Received date : February 12, 2014; Accepted date : February 22, 2014; Published date : February 24, 2014
Citation: Sahin C, Uzun A, Parlak S (2014) A Dentigereus Cyst Containing Displaced Tooth in the Maxillary Sinus. Dentistry 4:211. doi: 10.4172/2161-1122.1000211
Copyright: © 2014 Sahin C, et al. This is an open-access article distributed under the terms of the Creative Commons Attribution License, which permits unrestricted use, distribution, and reproduction in any medium, provided the original author and source are credited.
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Ectopic eruption of tooth has been reported in the nasal septum, chin, palate, coronoid process and maxillary sinus in the literature. A tooth may erupt maxillary sinus and present with chronic sinusitis, mucosele and cyst formation. Obstruction the osteomeatal complex, formation of cyst in the maxillary sinus, obstruction of nasolacrimal canal leading to epiphora may occur because of the anatomic variation. There may be sinonasal symptoms of sinusitis, epiphora and pain. The diagnosis of this condition can be made radiologically. If it is symptomathic treatment of ectopic maxillary tooth with dentigerous cyst is surgical removal via a Caldwell-Luc procedure. Herein we present an original image of a dentigerous cyst containing premolar tooth in the maxillary sinus.
Tooth eruption; Maxillary sinus; Dentigerous cyst
A 43-year-old man was presented with the complaints of recurrent pain and pressure in right maxillary sinus region. He had a history of recurrent sinusitis of 5 years duration. The symptoms did not resolve despite several courses of medical therapy. The past medical history was unremarkable.
Findings of anterior rhinoscopy examination were normal. In the endoscopic examination mucoid secretion was seen in right middle meatus. External examination of teeth revealed normal findings. There was no history of tooth extraction. There was no swelling in maxillary region. Intraoral examination was normal. Ocular examination was normal. Findings of blood and serum biochemistry were within normal limits. A plain computed tomography (CT) scan of the paranasal sinuses was done by taking 3-mm coronal slices. CT examination of the paranasal sinuses revealed a dentigerous cyst containing first premolar tooth in the maxillary sinus. The cyst was seen to expand in the alveolar process of the maxillary bone (Figure 1). The patient did not accept the recommended surgical treatment.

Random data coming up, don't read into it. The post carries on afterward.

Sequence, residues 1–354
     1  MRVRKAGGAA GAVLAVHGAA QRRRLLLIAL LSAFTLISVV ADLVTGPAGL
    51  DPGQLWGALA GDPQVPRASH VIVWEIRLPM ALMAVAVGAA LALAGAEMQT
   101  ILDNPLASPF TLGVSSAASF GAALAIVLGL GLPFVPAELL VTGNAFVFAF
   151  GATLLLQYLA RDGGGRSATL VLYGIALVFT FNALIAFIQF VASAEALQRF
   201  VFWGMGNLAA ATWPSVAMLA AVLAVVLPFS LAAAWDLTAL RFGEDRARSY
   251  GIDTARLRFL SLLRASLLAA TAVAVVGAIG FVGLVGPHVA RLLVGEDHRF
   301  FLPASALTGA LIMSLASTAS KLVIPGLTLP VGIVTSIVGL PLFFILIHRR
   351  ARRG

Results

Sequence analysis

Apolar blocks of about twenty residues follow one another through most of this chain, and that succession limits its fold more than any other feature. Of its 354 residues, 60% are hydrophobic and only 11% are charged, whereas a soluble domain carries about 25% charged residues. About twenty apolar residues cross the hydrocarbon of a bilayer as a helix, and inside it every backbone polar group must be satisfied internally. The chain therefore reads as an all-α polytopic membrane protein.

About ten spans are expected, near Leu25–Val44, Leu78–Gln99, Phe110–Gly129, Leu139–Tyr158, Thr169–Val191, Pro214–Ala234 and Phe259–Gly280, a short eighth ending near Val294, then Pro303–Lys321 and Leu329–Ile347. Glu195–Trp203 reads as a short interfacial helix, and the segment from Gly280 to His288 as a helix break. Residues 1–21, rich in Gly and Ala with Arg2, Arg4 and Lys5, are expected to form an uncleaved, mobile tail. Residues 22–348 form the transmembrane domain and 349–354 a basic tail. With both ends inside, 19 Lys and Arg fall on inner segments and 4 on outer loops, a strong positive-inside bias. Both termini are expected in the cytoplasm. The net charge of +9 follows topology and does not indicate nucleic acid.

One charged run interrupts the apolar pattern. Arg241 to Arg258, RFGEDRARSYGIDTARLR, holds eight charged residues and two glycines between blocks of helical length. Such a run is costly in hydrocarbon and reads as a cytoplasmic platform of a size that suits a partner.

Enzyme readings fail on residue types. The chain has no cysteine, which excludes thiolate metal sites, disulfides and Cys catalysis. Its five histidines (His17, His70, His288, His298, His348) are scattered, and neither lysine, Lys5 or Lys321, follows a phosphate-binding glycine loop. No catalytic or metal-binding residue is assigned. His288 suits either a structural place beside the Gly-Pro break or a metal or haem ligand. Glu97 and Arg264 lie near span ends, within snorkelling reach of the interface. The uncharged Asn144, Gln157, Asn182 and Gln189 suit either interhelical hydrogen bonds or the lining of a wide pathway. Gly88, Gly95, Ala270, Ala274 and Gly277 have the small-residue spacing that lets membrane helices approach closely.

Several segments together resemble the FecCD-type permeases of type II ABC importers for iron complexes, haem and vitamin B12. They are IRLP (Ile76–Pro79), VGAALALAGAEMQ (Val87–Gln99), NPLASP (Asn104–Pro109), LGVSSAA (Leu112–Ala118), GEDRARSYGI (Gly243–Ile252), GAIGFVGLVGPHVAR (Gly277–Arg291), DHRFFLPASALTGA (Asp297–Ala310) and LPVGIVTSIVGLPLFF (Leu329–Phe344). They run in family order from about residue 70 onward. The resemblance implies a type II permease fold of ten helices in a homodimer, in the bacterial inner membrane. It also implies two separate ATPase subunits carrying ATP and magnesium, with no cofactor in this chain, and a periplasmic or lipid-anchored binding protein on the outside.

Maxillary dentigerous cysts are common disorders of the maxillary sinus. Most frequently, the cysts are incidental findings on radiographs. Etiology of the disease is not clear; inflammation, infection, allergy, odontogenic and rhinologic factors are believed to play role.
The etiology of ectopic tooth eruption is still unclear. During development any abnormal tissue interaction between these cells may result in ectopic tooth development and eruption to different places may occur. The tooth can migrate to several locations including the maxillary sinus, nose, and infraorbital area . Tooth development into the maxillary sinus is rare . This eruption may lead to local sinonasal sign and symptoms attributed to recurrent sinusitis. Obstruction the osteomeatal complex, formation of cyst in the maxillary sinus, obstruction of nasolacrimal canal leading to epiphora may occur because of the anatomic variation [3,4]. Approximately 50 cases of a tooth in the nasal cavity have been reported in the literature .
The diagnosis of this condition can be made radiologically. Radiographs of the maxillary sinuses show of the highly radiopaque tooth and related situations. In the present case, the condition was detected using paranasal sinus tomography.
Patients with an ectopic tooth eruption into the maxillary sinus can remain asymptomatic. In the literature local sinonasal sign and symptoms like nasal obstruction, facial fullness, headache and epiphora were reported . In the present case the patient complained of facial fullness and headache.
If it is symptomathic treatment of ectopic maxillary tooth with dentigerous cyst is surgical removal via a Caldwell-Luc procedure. Removal of the all antral tissue is crucial and assessment of the all resected soft tissue histologically is also crucial. This is important as certain antral diseases like odontogenic keratosis may co-exist with an ectopic premolar. Displacement of teeth by expansion of any dental pathology like odontogenic keratosis may result ectopic eruption of such teeth. If there is no assosiated unusual pathology, surgery can provide cure. In our case the patient did not accept recommended surgery. We cannot discuss about the treatment because of the reason but we present intense image of a cyst containing tooth. This reminds us to further evaluate patients of chronic sinusitis to make appropriate diagnosis.